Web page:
Apr 212017

If there was ever a demonstration of the combination of “technical genius” with “wartime desperation,” it was the Bachem Natter from late in World War II. This German design was a point defense interceptor, from a time when B-17’s, B-24’s and Lancasters freely roamed the sky, laying waste to the German infrastructure. The Natter was a rocket-powered, vertical takeoff, partially reusable manned surface-to-air missile. It was to be armed with a multitude of unguided explosive-tipped rockets in the nose, probably to be launched as a single salvo. Reportedly, someone had the bright idea that the pilot would then aim his plane at another bomber for a ramming attack, bailing out at the last second. But since bailing out meant separating the nose from just forward of the cockpit aft bulkhead, the likelihood is vanishingly low that either the pilot would survive or that the Natter would continue forward in a predictable path. The more reasonable approach would still be for the pilot to bail out, but for both the pilot and the aircraft to pop chute and land safe enough to be recovered and reused.

The Natter was launched unmanned a few times and manned once, killing the pilot. It was *kind* of a neat idea, but the execution was not so good. The Germans would have been better advised to have worked on unmanned surface to air missiles than the Natter. But for all the claims of vaunted German efficiency, the Nazi regime was astonishingly inefficient, with many redundant and non-communicative programs.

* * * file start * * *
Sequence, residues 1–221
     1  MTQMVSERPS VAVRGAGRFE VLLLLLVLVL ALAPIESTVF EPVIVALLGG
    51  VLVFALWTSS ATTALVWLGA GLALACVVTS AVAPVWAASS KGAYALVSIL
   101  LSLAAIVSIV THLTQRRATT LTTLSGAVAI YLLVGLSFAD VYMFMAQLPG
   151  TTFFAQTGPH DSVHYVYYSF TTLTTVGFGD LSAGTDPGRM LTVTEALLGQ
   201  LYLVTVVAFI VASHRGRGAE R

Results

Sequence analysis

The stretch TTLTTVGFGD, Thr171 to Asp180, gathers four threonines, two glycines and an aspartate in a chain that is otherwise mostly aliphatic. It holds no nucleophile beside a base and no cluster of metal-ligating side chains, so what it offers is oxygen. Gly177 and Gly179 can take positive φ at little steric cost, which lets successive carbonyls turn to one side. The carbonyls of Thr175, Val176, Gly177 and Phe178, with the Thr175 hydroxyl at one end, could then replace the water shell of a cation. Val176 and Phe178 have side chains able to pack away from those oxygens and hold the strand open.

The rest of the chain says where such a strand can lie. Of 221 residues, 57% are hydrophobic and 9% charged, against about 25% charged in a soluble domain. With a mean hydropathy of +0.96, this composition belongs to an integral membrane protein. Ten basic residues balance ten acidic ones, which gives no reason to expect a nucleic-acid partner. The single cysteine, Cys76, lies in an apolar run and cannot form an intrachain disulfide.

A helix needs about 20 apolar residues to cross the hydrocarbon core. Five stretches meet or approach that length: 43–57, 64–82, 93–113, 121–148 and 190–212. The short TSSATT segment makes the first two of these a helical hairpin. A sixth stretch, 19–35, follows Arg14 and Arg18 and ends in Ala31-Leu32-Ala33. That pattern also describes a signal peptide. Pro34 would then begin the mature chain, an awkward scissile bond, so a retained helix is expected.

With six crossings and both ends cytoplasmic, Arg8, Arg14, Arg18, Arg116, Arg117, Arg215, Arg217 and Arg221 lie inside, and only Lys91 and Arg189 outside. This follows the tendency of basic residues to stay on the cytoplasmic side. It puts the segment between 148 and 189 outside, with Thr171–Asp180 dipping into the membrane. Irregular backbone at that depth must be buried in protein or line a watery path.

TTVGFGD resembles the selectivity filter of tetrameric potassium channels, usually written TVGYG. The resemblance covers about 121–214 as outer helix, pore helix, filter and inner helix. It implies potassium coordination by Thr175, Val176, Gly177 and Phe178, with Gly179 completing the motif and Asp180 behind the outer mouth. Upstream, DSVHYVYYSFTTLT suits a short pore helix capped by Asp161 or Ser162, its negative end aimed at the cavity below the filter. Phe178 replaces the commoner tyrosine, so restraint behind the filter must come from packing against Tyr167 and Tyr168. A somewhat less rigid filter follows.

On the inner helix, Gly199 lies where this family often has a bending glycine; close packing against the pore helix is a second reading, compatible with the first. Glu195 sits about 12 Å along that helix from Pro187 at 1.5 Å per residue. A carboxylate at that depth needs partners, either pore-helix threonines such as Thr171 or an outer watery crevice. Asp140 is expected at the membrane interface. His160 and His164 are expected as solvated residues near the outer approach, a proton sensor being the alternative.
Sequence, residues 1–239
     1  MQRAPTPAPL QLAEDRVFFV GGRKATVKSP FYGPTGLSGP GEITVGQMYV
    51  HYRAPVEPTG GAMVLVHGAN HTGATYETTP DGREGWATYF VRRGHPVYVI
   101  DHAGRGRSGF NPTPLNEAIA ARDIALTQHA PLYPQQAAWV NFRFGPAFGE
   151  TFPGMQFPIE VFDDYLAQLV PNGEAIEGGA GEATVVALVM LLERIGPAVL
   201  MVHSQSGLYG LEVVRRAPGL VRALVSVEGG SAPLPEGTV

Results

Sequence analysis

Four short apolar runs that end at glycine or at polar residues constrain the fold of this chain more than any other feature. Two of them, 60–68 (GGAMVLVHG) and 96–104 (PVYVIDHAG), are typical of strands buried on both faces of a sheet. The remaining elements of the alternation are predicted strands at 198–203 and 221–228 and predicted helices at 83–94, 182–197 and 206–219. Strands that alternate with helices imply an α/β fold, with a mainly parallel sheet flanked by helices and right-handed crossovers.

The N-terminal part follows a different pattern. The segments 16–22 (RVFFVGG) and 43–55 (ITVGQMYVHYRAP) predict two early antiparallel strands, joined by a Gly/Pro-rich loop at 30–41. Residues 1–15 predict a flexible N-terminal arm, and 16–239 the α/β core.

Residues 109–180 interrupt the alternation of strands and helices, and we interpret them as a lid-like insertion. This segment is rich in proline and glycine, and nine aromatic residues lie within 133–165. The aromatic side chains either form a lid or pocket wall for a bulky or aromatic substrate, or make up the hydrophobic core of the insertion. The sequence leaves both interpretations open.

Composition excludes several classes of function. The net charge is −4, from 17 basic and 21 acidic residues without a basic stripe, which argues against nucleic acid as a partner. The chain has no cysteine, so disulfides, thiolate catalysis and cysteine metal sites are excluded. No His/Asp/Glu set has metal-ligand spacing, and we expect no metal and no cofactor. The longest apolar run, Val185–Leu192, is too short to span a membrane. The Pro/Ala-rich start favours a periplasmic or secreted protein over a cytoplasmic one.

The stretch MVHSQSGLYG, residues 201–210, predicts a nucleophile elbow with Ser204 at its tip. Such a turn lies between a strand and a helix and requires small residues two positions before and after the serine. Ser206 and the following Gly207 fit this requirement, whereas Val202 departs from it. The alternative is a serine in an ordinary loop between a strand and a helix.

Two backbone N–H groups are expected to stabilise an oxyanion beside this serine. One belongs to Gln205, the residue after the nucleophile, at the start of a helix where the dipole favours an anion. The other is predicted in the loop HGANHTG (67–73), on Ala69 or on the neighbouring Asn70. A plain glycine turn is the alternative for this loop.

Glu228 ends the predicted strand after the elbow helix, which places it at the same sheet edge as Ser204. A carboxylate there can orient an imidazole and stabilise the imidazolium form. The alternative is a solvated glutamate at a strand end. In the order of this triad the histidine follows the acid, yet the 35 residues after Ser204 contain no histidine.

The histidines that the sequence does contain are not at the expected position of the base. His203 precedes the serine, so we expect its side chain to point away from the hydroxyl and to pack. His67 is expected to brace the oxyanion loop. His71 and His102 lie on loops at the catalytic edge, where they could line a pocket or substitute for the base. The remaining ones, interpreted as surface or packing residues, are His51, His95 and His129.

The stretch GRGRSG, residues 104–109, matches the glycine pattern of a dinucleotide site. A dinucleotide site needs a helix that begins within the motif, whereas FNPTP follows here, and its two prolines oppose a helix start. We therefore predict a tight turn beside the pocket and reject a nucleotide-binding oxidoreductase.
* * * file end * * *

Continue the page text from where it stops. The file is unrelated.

Just as well, in retrospect.

There are many photos and illustrations of the Natter out there, but I figured these diagrams might be of interest.

 Posted by at 11:31 am
Apr 152017

Now available: two new US Aerospace Projects issues:

US Transport Projects #07

US Transport Projects #07 is now available (see HERE for the entire series). Issue #07 includes:

  • Lockheed L-279-9: an early SST